I had my autosomal DNA testing performed through Ancestry.com and have matched five cousins with confirmed family ties and with about one hundred other people with no identified common ancestor. One recent match looks like it may clarify that the mother of my 3rd great grandmother was the second wife of John “Go Back” Eoff, rather than the first wife as indicated by some genealogists. That same day, a match showed up on another family line – one where I had entered my “best guess” ancestor on my Ancestry.com family tree. (Bad girl.) That Pennington line is an interesting Puritan family, where I do have documentation back several generations. Based on my new-found cousin’s research, I can collaborate with her when I do start working on documentation of that complete line.

The three major websites (Family Tree DNA, 23andMe, and Ancestry.com) are password protected and state their genomic data is secure. Other genealogical research sites allow people to download their own genome to allow open study for matching with other genomes. GEDmatch is one of the largest sites for open study. Recent DNA genealogy workshops I’ve taken have indicated GEDmatch is a safe site to load results for matching  DNA to a broader community. That site has seen a lot of activity with Ancestry.com making DNA testing through their company available for download into other programs. GEDmatch has closed for new downloads through until August, while they process the current matches. I plan on downloading my own DNA results into GEDmatch after it reopens.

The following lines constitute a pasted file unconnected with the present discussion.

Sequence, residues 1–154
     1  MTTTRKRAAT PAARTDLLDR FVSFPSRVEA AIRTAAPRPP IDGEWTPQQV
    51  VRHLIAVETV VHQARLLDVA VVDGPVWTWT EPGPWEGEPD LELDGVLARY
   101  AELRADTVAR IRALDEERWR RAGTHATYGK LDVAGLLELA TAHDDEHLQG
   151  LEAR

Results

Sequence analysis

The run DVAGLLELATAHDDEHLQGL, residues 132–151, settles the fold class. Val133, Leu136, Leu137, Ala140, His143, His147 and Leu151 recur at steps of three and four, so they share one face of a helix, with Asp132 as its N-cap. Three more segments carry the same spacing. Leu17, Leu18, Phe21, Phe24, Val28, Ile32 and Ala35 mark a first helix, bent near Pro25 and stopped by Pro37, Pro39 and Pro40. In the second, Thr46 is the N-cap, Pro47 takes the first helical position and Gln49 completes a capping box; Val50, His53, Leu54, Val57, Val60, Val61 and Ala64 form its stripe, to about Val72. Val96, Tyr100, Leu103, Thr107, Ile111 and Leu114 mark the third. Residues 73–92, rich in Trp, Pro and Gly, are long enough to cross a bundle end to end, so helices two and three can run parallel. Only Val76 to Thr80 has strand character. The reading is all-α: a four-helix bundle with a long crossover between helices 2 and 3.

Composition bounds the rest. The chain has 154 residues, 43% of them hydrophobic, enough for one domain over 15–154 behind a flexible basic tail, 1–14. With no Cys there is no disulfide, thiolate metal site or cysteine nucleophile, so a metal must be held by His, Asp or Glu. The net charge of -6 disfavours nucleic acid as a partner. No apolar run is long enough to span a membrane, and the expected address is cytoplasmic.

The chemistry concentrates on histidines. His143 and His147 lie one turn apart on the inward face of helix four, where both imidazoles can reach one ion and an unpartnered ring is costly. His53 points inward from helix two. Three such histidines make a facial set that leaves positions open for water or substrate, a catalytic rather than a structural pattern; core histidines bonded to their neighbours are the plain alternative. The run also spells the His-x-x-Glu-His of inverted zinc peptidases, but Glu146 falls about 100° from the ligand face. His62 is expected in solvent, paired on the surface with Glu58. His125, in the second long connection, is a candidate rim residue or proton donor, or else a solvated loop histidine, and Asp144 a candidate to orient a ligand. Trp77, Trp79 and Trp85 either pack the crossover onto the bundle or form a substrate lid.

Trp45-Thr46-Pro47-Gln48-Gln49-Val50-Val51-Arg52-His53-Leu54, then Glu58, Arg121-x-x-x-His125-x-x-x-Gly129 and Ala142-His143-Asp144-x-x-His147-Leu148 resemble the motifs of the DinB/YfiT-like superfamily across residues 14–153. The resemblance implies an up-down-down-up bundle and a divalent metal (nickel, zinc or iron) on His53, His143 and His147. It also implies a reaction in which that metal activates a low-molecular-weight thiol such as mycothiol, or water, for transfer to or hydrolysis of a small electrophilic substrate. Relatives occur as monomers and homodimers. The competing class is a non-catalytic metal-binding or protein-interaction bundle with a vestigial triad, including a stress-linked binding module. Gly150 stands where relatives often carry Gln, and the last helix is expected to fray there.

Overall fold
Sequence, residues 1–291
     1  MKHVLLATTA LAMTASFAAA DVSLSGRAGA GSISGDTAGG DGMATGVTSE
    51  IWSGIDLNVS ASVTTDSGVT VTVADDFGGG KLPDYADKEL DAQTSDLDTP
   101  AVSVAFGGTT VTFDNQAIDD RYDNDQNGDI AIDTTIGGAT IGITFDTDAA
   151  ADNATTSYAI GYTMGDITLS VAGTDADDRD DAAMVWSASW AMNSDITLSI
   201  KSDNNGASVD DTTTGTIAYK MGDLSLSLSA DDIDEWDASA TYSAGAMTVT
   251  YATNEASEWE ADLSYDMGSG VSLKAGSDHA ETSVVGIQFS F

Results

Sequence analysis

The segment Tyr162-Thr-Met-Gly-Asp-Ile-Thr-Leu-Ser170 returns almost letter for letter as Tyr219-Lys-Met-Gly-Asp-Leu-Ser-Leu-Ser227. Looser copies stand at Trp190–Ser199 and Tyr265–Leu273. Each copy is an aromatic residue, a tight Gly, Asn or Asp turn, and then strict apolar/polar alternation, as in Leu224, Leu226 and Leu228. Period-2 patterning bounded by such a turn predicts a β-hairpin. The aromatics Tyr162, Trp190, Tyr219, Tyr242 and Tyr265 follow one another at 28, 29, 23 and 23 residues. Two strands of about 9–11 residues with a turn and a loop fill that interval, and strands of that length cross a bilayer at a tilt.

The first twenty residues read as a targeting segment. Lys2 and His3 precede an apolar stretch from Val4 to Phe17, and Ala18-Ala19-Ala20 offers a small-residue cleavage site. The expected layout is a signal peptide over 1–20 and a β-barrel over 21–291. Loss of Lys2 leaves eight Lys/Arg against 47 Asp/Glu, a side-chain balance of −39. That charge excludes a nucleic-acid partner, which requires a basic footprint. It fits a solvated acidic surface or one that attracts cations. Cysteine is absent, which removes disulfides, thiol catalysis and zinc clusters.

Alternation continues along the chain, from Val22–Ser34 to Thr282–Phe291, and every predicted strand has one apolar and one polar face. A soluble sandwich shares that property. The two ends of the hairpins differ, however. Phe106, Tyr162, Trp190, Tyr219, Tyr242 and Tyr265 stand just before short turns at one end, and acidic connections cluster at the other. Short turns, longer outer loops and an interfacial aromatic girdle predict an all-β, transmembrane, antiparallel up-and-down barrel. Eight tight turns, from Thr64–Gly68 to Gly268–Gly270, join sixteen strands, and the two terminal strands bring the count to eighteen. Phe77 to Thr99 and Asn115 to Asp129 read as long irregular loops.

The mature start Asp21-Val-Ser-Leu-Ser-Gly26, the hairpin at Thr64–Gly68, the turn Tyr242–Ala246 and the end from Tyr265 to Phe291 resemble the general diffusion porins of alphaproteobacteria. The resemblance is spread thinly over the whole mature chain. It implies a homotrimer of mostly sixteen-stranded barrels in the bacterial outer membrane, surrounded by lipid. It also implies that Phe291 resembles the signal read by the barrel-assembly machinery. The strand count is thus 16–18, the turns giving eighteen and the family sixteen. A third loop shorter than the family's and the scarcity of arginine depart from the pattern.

Since some gene sequences are tied to diseases and other personal characteristics, one could see a situation where, perhaps, health care providers or employers might consider mining such data for nefarious reasons. At this point, it looks like when genomic data is maintained within the testing site, privacy is maintained. Legislation is underway to prevent discrimination based on any genetic results.

I have downloaded my Ancestry.com results into FTDNA, the site where my parents and sister were tested. With our results on one site, I’ll be able to go to specific chromosomes and see which genes were inherited from which parents. I’ll also be able to see specific gene matches for cousins, helping pinpoint our common ancestor. This could help find a common ancestor for future DNA matches but with no common paper trail.

The cost of DNA testing for genealogy purposes has dropped dramatically with 23andMe offering the autosomal test for $99. However, at this point, I prefer testing on Family Tree. I’ll just see which relatives will agree to testing and wait for another sale on Family Tree.